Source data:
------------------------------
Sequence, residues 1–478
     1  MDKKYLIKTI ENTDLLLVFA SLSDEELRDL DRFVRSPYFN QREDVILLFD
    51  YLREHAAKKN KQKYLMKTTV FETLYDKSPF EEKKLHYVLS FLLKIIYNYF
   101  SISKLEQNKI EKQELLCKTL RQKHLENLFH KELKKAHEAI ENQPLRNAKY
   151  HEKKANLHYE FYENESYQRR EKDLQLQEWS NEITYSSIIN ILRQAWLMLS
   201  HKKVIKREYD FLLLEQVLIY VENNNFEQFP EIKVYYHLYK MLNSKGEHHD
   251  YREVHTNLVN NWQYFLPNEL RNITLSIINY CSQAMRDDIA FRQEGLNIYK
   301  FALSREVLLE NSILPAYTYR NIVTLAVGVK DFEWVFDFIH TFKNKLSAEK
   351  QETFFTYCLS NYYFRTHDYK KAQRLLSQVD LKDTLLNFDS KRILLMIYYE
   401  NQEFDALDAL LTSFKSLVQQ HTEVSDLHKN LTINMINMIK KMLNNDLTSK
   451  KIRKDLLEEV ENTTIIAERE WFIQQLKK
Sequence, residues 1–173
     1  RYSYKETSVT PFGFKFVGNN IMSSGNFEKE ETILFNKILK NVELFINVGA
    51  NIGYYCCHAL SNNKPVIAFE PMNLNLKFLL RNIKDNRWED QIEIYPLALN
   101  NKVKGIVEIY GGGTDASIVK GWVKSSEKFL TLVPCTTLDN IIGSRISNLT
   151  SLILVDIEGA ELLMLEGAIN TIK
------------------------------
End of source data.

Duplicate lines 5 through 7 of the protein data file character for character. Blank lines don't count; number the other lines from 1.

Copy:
   151  HEKKANLHYE FYENESYQRR EKDLQLQEWS NEITYSSIIN ILRQAWLMLS
   201  HKKVIKREYD FLLLEQVLIY VENNNFEQFP EIKVYYHLYK MLNSKGEHHD
   251  YREVHTNLVN NWQYFLPNEL RNITLSIINY CSQAMRDDIA FRQEGLNIYK